Forgive the Shakespearean dialogue (“I beseech you on behalf of my daughter” — what the fuck?!), a thing that seems to fizzle out as quick as it kindles (plus, possibly as recompense, Uma Thurman winks at everyone who remembers her drawing-a-square-in-the-air bit from Pulp Fiction). The movie hasn’t even been rolling for 15 minutes and a woman’s using a box of cereal to conceal a gun and then she’s getting daggered in the chest in front of her kid daughter. Thanks for the heads up and everything, Tarantino. Shame on us for expecting two characters just to have a cup of coffee and catch up (ketchup? Anybody?) for a minute.

11. Goebbels’s Luncheon/Landa’s Strudel, Inglourious Basterds

It begins as the Reservoir Dogs diner shot again, only with a poodle at the table. There’s a comedic/nightmare-giving cutaway to screechy monster Goebbels’s screechy monster sex. The conversation’s more plot-oriented than these hovering roundtables tend to be, but it’s a serviceable scene. UNTIL Hans Landa shows up five minutes in, and that kind of Kill Bill fuck-shit-up mental alarm bell music starts thrumming. Tarantino does an achingly patient slow zoom on Mélanie Laurent’s face as she realizes she’s about to have a sit-down with the man who had her family machine-gunned. Christoph Waltz says “attendez de la crème‬.” The camera smooches the cream, then the strudel, then the cream again — both shots that will make it into the requisite (but brief) supercut of Tarantino food and beverage close-ups someday. Waltz’s smug, conspiratorial delivery appears a complete afterthought as he savors the strudel — praise every higher power that Landa was never taught to chew his food before speaking. There’s a bold insistence, both Landa’s and Tarantino’s, that we enjoy this delightful dessert in the midst of this loaded face-to-face.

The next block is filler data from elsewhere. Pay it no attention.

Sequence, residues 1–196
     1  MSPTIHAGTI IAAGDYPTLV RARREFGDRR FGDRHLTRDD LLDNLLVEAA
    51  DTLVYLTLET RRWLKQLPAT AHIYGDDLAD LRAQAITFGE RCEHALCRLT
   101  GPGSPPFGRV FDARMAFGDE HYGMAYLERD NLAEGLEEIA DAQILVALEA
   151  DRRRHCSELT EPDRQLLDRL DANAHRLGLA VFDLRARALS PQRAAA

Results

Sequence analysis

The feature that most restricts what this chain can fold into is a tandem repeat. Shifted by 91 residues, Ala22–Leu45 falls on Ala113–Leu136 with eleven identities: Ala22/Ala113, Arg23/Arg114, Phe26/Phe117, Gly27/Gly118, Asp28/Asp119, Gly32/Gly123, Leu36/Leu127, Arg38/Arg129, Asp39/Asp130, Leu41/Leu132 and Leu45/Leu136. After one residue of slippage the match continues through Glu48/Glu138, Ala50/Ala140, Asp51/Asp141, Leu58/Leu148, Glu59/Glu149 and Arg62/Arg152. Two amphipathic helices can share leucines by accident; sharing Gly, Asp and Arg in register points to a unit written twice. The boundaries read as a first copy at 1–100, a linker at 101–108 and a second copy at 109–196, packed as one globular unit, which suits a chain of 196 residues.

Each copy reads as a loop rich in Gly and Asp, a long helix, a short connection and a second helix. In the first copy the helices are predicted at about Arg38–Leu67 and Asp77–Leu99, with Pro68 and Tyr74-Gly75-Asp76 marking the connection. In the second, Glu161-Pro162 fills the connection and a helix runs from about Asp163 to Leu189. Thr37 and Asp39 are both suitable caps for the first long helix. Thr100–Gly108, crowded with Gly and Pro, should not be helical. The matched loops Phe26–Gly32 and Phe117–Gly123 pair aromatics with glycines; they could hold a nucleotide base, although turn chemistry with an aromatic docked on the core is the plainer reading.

10. Jules and Vincent’s Breakfast, Pulp Fiction

All Jules and Vincent’s misadventures have taken place in the course of a single morning. It’s time to downshift into a little philosophical exchange over eggs and bacon — whether eating pork is vile, where a dog ranks on the filth scale, how far personality goes with a pet, etc. Beyond just being quirky, it’s a great way of showing how we too often yak about bullshit when we’ve got earthshaking stuff on our minds. The reveal that Jackson and Travolta at the same diner from the film’s start, the place Honey Bunny and Pumpkin are seconds away from terrorizing, is terrific. The finale — “say it, SAY ‘BITCH BE COOL,’” “I’m tryin’, Ringo, I’m tryin real hard to be the shepherd” — is even better.

9. Bill’s Kitchen, Kill Bill: Vol. II

We get to see Bill for what he is: an Ordell Robbie, a True Romance Drexl — just another megalomaniacal but charming snake. Bill makes a sandwich. Bill shows off his parenting skills and his bond with his daughter … while probably trying to create a tender moment for B.B., knowing on some level that she may never see her father alive again. David Carradine also gets to drive a spellbinding sequence about life and death. For all the shit Tarantino gets about his short attention span, it’s incredible he’s created so many characters who are deeply interesting enough to rivet us no matter what the hell they’re talking about, or what kind of chow they’re preparing or devouring.

8. “Royale With Cheese,” Pulp Fiction

The scene is barely about food. Till Vince Vega goes, “Royalewithcheese” all suave and knowing, like this:

And Jules goes, “Royyyale with cheese!

And then they say “Le Big Mac” and “Iawno, I didn’t go into Burger King” and “I seen ’em do it, man, they fuckin’ drown ’em in that shit” even though they’re on their way to do some A.M. murders. Another seminal moment in Tarantino showing you how hard he’ll subvert your expectations of how a movie’s supposed to go.

7. JackRabbit Slim’s, Pulp Fiction